Whilst I did like the book, it was this lack of action against the Souls that meant I couldn’t love it, as nothing extreme happens or is built up to, despite how thick the book is in terms of length. The humans are too compassionate to want to fight back in the end, and what we are left with is a nonsensical romance brewing inside the caves whilst the world is being taken over on the outside.
Because of this, The Host once again gets all too caught up on love to have the impact that a book like this needs, and what we’re left with is a romance that has no substance or credibility. The melodrama has little significance compared to the rest of the book, but it’s what Meyer seems most confident in writing about. Sadly, this is where the book loses its depth, forgetting to scare us about an alien takeover and, instead, trying to make us focus on whether this love triangle can sort itself out.
But whilst the romance in Twilight was the making of the franchise, the romance here makes no sense. We are supposed to believe that Jared is love with Melanie, whose body has been taken over, but that Ian falls in love with Wanderer, the Soul that has taken over her. But Ian doesn’t have the time to fall in love with a Soul, both of the alien kind and the spiritual kind. Especially when he has been happily murdering them before Wanderer’s arrival. Like Wanderer, he is far too easily drawn into the prospect of a happily ever after and throws away everything he has been fighting for in the months beforehand without a second thought. It may work in a fantasy book, but that’s not what people care about in science fiction.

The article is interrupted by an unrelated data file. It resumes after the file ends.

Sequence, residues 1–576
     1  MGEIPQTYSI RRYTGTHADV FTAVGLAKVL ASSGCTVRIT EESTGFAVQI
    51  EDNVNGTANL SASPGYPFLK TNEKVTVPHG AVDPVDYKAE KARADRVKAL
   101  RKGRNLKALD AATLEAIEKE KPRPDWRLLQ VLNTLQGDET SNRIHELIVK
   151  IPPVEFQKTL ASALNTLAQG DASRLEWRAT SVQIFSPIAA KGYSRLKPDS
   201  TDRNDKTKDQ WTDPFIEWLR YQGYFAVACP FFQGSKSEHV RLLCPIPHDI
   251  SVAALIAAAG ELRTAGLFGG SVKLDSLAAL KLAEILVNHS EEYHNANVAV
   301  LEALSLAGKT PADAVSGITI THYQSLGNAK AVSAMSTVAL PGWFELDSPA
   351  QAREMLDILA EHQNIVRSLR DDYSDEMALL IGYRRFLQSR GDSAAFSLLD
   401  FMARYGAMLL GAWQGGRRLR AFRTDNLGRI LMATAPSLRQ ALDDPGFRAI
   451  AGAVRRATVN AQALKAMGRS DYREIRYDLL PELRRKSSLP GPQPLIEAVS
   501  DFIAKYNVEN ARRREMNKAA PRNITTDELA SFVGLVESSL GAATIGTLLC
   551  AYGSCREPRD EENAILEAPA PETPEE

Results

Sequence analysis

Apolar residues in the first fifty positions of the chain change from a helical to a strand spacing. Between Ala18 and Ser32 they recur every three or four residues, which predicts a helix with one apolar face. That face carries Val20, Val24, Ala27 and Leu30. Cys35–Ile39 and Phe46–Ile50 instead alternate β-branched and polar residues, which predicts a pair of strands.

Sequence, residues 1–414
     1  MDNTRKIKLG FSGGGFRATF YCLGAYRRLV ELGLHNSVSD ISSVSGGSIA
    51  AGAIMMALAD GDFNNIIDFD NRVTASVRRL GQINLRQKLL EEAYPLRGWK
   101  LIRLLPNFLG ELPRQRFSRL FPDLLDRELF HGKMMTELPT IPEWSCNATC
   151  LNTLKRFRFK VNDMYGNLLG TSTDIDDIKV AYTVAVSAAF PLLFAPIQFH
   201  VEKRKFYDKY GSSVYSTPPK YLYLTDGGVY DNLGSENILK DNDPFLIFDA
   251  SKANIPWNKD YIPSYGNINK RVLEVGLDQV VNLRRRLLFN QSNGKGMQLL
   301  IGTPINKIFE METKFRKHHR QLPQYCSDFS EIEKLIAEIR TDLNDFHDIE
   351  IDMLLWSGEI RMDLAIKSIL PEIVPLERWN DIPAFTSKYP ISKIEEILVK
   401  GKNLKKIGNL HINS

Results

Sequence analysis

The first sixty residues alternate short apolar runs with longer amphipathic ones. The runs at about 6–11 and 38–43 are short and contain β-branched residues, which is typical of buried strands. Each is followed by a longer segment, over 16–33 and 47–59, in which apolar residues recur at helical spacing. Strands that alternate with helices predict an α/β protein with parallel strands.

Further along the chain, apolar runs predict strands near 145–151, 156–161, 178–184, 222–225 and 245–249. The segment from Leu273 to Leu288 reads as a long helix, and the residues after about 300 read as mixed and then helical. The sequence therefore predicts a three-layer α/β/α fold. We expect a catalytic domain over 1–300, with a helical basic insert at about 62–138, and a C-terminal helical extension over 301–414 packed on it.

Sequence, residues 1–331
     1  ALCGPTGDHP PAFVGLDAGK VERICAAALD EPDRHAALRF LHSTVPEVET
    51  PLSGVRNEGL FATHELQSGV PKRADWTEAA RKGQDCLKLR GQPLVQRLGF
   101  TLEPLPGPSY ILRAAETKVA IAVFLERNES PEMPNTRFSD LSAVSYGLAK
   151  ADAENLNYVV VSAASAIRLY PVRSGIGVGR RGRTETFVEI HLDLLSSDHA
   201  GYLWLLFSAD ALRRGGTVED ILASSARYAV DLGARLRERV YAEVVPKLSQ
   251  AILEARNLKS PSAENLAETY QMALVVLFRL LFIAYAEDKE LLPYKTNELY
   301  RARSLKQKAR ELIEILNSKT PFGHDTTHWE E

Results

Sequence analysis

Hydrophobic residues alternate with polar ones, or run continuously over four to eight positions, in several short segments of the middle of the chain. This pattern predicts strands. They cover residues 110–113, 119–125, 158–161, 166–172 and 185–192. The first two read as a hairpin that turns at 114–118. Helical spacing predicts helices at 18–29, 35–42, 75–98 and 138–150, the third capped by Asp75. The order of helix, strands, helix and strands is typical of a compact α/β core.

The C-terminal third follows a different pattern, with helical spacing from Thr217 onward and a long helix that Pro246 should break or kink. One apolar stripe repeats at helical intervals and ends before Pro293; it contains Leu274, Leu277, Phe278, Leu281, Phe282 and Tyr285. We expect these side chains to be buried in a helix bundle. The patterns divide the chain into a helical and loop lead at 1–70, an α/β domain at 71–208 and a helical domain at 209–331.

Despite the annoyances of these underdeveloped and insubstantial subplots throughout, it is the detail and descriptions of the other worlds that Wanderer has lived on that you will be left thinking about, not about how the contagion of positivity and love end up being the key to human survival.
There’s a lot that the book could have done better, but there’s also a lot that you will just have to read yourself to believe me about how good [half of] this book is.
The Host was adapted into a film in 2013, which you can read my Book vs. Film Review for here and watch the trailer for below: